Religious Persecution of Ahmadiyya Muslim Community
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Author: Dr. Karimullah Zirvi
Description: Excellent book on Islam with the best introduction ever on Ahmadiyyat. It explains what Ahmadiyyat is, it's aims and objects, differences between Ahmadi and non-Ahmadi Muslims, our chanda system, Nizam-e-Jama'at, etc. (read it online)
US$15.00 [Order]
Author: Mirza Tahir Ahmad ra, 4th Caliph of Ahmadiyya Muslim Community.
Description: Any divide between revelation and rationality, religion and logic has to be irrational. If religion and rationality cannot proceed hand in hand, there has to be something deeply wrong with either of the two. Does revelation play any vital role in human affairs? Is not rationality sufficient to guide man in all the problems which confront him? Numerous questions such as these are examined with minute attention.
No. of Pages: 756 (read it online)
US$29.99 [Order]

Home Media Reports 2010 The Demonization of Ahmadis in Pakistan
The Demonization of Ahmadis in Pakistan
The Demonization of Ahmadis in Pakistan
Elite Force rescues one injured at Garhi Shahu
By iNewp Citizen Journalist
Published: June 4, 2010

Even during the immediate aftermath of last Friday’s brutal attacks on two Ahmadi mosques in Lahore, Pakistan, even as Ahmadis around the world attempt to comprehend the savagery that has swept through their community, there are those who doubt the religious hatred which motivated these attacks. These skeptics claim that the attacks are simply the latest in a series of attacks by Islamic extremists against innocent Pakistani citizens, attacks in which militants target people indiscriminately. Therefore, they claim, these attacks should receive no special treatment or discussion.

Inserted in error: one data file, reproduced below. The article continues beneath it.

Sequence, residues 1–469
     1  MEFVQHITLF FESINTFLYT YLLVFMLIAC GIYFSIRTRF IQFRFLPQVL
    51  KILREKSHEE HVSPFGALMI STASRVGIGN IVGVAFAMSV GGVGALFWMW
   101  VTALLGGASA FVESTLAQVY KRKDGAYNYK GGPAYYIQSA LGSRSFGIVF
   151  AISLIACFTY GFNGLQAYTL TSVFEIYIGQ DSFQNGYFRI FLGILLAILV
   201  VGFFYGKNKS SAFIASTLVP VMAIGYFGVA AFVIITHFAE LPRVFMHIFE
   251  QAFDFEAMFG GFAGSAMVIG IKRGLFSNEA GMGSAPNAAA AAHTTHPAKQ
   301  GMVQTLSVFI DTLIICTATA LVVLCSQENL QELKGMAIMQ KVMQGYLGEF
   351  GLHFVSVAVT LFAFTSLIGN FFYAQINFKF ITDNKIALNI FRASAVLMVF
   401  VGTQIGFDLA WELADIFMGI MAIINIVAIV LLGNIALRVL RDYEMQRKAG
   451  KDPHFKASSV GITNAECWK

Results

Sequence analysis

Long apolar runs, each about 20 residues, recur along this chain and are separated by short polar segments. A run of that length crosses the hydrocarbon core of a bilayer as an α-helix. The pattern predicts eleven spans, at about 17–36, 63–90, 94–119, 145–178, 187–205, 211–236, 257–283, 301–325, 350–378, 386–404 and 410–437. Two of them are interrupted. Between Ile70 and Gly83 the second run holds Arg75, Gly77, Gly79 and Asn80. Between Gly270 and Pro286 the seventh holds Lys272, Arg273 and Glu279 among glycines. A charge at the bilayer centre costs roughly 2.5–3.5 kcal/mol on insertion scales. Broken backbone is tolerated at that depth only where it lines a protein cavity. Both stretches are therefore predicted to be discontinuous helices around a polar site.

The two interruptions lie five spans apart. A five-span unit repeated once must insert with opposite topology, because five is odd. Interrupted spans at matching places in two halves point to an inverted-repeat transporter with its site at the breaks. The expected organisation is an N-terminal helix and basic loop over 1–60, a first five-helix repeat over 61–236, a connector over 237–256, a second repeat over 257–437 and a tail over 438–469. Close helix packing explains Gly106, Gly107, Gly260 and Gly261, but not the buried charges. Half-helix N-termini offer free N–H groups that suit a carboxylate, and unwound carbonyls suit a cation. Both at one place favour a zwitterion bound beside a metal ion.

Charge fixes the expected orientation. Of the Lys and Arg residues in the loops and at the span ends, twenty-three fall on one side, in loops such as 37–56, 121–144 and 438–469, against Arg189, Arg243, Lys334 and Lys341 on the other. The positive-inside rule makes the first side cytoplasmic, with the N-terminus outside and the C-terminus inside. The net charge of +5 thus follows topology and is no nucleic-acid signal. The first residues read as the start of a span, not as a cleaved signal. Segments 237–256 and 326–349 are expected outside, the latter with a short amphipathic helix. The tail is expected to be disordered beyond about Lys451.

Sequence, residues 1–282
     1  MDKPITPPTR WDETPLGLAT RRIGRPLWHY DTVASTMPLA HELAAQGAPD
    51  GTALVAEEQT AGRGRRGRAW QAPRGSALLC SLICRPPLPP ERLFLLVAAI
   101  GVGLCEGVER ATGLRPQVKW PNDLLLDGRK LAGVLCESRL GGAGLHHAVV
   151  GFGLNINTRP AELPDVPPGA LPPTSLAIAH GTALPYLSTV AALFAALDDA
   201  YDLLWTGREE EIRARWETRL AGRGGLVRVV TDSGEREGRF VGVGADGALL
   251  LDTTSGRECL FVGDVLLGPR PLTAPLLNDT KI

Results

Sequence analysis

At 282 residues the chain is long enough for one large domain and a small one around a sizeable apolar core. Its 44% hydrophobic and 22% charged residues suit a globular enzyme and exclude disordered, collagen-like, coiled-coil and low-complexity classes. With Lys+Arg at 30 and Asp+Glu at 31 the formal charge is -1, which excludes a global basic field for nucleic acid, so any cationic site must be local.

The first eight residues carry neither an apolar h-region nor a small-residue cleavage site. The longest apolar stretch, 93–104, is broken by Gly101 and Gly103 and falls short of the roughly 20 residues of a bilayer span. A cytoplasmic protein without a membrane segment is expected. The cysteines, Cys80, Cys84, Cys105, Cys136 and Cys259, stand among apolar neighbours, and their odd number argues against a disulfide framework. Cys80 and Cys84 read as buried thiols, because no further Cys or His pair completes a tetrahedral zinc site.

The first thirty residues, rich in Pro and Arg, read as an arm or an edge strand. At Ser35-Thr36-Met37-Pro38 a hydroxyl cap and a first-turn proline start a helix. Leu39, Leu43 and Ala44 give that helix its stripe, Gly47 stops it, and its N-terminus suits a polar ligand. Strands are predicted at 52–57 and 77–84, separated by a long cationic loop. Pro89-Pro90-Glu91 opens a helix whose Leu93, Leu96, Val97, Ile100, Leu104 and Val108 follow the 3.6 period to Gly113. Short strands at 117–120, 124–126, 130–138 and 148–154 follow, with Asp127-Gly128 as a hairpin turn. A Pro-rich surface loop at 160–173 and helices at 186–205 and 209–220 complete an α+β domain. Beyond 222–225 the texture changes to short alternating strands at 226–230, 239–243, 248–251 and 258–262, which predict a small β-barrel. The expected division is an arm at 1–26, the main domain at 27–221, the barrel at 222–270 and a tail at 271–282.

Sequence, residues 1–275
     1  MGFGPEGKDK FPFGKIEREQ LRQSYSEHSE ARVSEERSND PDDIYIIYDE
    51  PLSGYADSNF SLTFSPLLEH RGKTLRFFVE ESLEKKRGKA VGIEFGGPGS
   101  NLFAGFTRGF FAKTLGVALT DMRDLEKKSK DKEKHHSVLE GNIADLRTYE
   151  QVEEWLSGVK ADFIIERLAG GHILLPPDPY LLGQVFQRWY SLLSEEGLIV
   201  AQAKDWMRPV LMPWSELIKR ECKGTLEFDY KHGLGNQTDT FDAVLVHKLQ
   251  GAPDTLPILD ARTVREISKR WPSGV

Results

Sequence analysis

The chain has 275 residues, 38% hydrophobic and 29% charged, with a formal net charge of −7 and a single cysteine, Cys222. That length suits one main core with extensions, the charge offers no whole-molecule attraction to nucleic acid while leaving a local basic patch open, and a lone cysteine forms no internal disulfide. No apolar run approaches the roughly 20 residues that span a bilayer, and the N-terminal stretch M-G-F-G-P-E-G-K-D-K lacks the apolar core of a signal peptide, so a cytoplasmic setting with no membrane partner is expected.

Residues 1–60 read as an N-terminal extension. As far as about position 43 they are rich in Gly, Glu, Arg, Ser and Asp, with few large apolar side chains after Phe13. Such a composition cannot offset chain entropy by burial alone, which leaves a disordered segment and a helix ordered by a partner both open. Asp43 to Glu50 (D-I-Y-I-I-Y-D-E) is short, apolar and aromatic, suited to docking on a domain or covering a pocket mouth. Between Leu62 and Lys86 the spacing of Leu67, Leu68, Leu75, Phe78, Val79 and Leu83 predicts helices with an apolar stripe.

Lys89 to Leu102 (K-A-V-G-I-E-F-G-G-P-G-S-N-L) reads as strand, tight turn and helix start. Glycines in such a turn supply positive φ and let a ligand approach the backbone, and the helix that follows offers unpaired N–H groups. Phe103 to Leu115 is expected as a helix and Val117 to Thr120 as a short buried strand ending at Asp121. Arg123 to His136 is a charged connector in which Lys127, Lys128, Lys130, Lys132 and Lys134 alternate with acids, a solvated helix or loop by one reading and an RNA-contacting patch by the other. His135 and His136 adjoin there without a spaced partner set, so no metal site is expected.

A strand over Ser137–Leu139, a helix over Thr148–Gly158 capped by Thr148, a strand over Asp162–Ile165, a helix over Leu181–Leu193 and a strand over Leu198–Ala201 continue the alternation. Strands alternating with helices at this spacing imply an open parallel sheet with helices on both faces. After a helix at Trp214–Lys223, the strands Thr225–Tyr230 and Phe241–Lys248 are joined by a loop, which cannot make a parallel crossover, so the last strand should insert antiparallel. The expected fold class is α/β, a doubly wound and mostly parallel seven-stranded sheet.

This is disingenuous at best. The extremists who perpetrated these attacks were aided by the government, media, and people of Pakistan.

Policeman runs to take shelter

The government’s role in this tragedy began in 1974, when it declared Ahmadis to be “non-Muslim.”

As Pakistan is an Islamic state, this had wide-reaching ramifications for Ahmadis. A further injustice occurred in 1984, when it became illegal for Ahmadis to practice their faith. One of the consequences of these laws was that it became a trivial matter to accuse an Ahmadi of blasphemy, a crime in Pakistan punishable by fines and prison. Though the rule of law is tenuous at best in Pakistan, the situation is even worse for an Ahmadi.

It is commonplace for the government to ignore Ahmadis who have been threatened, harassed, or attacked.

Occasionally, this is taken to the cruelest extremes: murderers of Ahmadis, often religiously motivated, face no consequences. Local and provincial governments are no better; they often claim to be taking action while sitting idly, ignoring the plight of their citizens. This gross mistreatment of the Ahmadi community is exemplified by the fact that even today, almost a week after the attacks in Lahore, the government, led by President Asif Ali Zardari has not issued any statements condemning the attacks or offering condolences to the community.